- Coating — After attaching the terminals, the capacitor body is potted into an external casing or is dipped into a protective coating. For the lowest production costs, some film capacitors can be used “naked” without a further coating of the winding.
- Electrical final test — All capacitors (100%) should be tested for the most important electrical parameters, capacitance (C), dissipation factor (tan δ), and impedance (Z).
Under this headline, we deal mainly with pure paper dielectrics. At the same time we ought to say that combinations of paper and plastic, i.e. mixed dielectrics, are rather common.
The “pure” paper capacitors (MP) are not anymore in often use, but it is good to get familiar with the technology and explain some principles. Metallized paper MP and plastic film MK (MKP and MKT) technologies are still used today as EMI noise suppression capacitors.
Plastic film MKT and MKP electrostatic capacitors are offering higher capacitance values in smaller case sizes compared to MP capacitors. However, thanks to the good oxidation behaviour of the paper dielectric, MP paper capacitors have outstanding self-healing properties and reliability even with high energy pulses.
Paper / foil
The history of the commercial capacitor started with paper foil dielectrics and electrodes of aluminum foils. Because paper is porous, it has to be impregnated to prevent corona effects and flash-overs. It is done by using melted wax or different kinds of oils, such as mineral and silicone oils. The fats increase the tensional stability but decrease to a certain extent the εr. The fibrous paper has an εr ≈ 6.6 and the mineral oil ≈ 2.3, which gives the impregnated winding an εr varying between 3.1 and 4.5. The differences depend above all on the winding pressure produced by the tensile force during winding.
Formerly at least two impregnated paper foils were used because of the character of the paper. Today mixed dielectrics are used frequently where the paper is combined with plastic foils, usually polyester (PET) or polypropylene.
Because the summary tables following each presented material type don’t deal with the impregnation agents and mixed dielectrics separately, we mention some of their characteristics in following Table 1.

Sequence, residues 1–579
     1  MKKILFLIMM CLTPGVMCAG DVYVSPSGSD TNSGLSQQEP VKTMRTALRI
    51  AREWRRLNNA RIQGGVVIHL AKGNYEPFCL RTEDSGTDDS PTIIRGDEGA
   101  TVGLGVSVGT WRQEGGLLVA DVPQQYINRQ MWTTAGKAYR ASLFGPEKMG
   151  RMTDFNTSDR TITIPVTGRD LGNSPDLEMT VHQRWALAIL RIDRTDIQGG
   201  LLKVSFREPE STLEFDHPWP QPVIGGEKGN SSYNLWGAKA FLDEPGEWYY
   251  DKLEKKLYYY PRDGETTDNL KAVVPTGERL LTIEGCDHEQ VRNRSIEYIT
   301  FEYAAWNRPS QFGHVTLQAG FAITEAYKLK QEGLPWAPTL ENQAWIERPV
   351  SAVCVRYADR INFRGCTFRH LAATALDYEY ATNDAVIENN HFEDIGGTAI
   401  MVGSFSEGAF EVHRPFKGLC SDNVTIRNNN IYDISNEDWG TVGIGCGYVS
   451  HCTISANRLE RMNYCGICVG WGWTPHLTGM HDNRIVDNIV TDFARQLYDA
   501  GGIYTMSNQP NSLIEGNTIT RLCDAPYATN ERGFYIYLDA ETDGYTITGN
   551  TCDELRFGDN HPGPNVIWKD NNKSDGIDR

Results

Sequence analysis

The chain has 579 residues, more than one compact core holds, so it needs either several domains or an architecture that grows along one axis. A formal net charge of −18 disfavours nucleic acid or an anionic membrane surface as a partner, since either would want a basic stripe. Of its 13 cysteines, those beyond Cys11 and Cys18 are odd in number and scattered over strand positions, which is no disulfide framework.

Above all, oil-impregnated paper is used in power, mains, and certain feed-through capacitors. In this handbook, we restrict ourselves to those smaller types which belong to the electronic components. They constitute a fading component category that is increasingly replaced with plastic dielectrics.
The casings contain only a faint amount of oil in standard mains and feed-through capacitors intended for consumer purposes. Most of it exists in the paper foils. The impregnation is carried out in a vacuum on the finished winding; after that, the paper first has been dried carefully in an oven.
MP (metalized paper)
The first metalized film capacitor was built with metalized paper. The MP foil looks, in principle, like the one in Figure 1.
As impregnation agents, solid substances like epoxy is predominant, but vegetable oils may occur in certain types. The impregnation also protects the zinc metallization against aqueous corrosion and oxidation. Because the paper is porous and specific points may contain some impurities or weaknesses, one must use designs with at least two layers of paper foils in professional applications. The risk that a weak spot in one foil will land opposite another in the next layer is minimized. Instead of an extra paper foil nowadays, mixed dielectrics are more and more frequently used with a polyester or polypropylene film together with the metalized paper foil. Also occurring are variants with a metalized plastic film and an impregnated paper foil.